I didn’t vote for Barack Obama. But like a lot of Americans, I was hopeful about his presidency.
In New Hampshire on November 21, Newt Gingrich, who has just been endorsed by the Manchester Union Leader, unveiled sweeping entitlement reform proposals, discussed in a comprehensive, extensive campaign position paper now available at Newt.org. Those proposals reflect closely my own work over many years, discussed in detail in my recent book, America's Ticking Bankruptcy Bomb.
Republicans who accept a tax hike to get entitlement cuts will wind up with bad policy that crowds out needed reforms.
Here’s what you need to know: America’s fiscal crisis is actually a spending crisis, and that spending crisis is driven by entitlements.
What should be done about income inequality? That basic question underlies the arguments hashed out in the supercommittee and promises to be a central issue in the presidential campaign.
"Alice in Wonderland" was written by a professor who also wrote a book on symbolic logic. So it is not surprising that Alice encountered not only strange behavior in Wonderland, but also strange and illogical reasoning -- of a sort too often found in the real world, and which a logician would be very much aware of.
THE TREASURY DEPARTMENT reported last week that the national debt had surpassed $15 trillion, clocking in at precisely $15,033,607,255,920.32 as of the close of business Tuesday.
Greg Gutfeld's daily monologue dedicated to the #OWS protests and their national 'day of action' that took place November 17th.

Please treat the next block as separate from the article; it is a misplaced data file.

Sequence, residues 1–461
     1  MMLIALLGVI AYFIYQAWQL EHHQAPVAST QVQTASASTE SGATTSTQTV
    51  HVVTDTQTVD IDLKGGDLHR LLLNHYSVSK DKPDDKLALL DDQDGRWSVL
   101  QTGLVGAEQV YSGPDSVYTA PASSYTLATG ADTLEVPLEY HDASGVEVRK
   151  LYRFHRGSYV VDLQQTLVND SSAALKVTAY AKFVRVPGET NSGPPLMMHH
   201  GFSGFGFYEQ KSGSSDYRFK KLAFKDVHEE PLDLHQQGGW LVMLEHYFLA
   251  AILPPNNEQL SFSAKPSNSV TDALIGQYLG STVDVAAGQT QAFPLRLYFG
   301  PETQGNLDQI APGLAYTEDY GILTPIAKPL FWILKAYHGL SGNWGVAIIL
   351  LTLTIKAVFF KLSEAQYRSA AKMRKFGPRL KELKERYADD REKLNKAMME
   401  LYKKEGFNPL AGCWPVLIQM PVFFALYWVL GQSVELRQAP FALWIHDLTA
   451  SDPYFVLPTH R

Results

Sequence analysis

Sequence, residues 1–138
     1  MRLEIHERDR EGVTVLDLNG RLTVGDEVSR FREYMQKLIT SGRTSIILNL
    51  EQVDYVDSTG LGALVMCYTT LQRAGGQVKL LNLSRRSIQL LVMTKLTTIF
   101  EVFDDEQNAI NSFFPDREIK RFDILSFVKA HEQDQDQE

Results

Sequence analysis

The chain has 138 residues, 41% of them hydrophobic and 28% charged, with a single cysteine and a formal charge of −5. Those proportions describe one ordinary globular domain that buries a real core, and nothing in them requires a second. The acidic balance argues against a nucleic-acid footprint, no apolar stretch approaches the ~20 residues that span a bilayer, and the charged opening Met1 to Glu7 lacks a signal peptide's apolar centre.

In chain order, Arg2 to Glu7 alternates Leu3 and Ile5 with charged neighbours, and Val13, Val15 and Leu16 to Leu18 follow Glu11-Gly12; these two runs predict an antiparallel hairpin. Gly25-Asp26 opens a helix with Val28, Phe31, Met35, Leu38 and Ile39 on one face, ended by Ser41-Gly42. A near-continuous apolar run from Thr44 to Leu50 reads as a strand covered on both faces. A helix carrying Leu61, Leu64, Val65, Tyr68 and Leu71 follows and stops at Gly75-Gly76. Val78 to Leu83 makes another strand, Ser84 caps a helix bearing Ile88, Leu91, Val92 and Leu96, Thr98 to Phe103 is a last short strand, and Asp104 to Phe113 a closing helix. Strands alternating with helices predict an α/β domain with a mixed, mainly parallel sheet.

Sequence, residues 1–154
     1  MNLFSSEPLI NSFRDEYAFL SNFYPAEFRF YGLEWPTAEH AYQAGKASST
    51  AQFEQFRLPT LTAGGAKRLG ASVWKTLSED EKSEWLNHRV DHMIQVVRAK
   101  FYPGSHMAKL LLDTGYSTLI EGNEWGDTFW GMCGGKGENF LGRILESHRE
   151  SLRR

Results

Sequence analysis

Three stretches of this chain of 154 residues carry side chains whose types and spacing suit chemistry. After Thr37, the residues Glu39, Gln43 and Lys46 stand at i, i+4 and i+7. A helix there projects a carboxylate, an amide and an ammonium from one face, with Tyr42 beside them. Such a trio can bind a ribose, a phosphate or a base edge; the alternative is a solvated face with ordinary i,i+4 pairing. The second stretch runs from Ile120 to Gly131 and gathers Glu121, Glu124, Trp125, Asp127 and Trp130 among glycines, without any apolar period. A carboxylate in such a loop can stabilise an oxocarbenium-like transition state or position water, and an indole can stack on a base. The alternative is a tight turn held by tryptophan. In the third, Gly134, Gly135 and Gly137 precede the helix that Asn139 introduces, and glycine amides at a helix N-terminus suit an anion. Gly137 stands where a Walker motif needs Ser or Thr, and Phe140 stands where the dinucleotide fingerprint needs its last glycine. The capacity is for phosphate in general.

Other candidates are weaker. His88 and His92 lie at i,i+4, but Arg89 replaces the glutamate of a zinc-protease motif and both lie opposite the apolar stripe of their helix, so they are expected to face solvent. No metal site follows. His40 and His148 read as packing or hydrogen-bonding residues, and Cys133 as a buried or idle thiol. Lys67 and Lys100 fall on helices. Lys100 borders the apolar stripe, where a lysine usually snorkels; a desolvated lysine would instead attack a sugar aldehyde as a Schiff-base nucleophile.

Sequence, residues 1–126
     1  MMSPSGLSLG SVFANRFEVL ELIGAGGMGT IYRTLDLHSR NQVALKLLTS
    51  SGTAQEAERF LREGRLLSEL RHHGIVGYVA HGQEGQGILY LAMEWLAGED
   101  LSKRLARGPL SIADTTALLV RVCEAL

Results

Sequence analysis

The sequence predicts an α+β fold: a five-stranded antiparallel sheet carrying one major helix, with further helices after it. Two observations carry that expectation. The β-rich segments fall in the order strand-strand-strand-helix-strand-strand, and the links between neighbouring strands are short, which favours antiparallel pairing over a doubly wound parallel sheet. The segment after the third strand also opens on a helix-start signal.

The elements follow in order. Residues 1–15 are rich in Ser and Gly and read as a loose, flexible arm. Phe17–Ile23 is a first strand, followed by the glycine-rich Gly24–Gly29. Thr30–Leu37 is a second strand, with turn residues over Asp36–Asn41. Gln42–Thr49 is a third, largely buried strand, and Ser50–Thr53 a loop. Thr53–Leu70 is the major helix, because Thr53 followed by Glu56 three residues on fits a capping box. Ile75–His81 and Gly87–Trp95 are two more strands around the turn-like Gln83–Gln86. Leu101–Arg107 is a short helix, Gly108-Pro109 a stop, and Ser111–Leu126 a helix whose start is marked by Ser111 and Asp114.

Sen. Pat Toomey, the GOP's fiercest anti-tax ?warrior, stunned the supercommittee when he proposed raising taxes to ?break the impasse over cutting the government's monster debt.?
It has become all too easy today to receive government assistance. Half of all babies born in the U.S. today receive food assistance, and half of all children live in a home that will use food assistance at some point during their childhood.
Cutting $1.5 trillion from the federal budget, supposedly the goal of the Super Committee, sounds daunting. When you put those numbers into the context of the total federal budget and our exploding national debt, however, you realize it shouldn't be so hard. The Committee's real challenge—and it's a doozy—is a political system that discourages common sense.
Beware: content, not soundbites.
Many – including the Occupy Wall Street (OWS) crowd – have expressed outrage over Bank of America’s recent attempt to charge customers a $5 monthly fee to use their debit card. These people deplored the move and used it as another symbol of greedy Wall Street “Robber Barons” sticking it to the little guy.
The Occupy Wall Street movement, and its host of copycat imitators around the country have garnered much attention recently. They have been largely lauded by the mainstream media, who have explained that the occupiers are idealistic youth guided by altruism and concern for the downtrodden.
The mirror into modern-day America created by the "occupiers" who have taken to the streets reveals painful images and insights for those committed to traditional American values. Even without a clear, core message, most Americans can identify with the anger at those who have contributed to our broken economy. But many tax-paying Americans are equally fed up with the stream of complaints from the self-obsessed protestors who want their debts forgiven and the "rich" to pay for their "free" education.
Like every program designed by Obama, he reckoned we'd all get caught in the snare of government spending and have no choice but to continue it. Even liberals saw this coming, but did nothing about it and states now have been left cleaning up another liberal mess.
A new consensus is emerging among Republicans for fundamental entitlement reform providing for modern, 21st century social safety nets. The new, reformed programs would actually achieve all of the social welfare goals of the current programs far more effectively, ultimately serving seniors and the poor far better.
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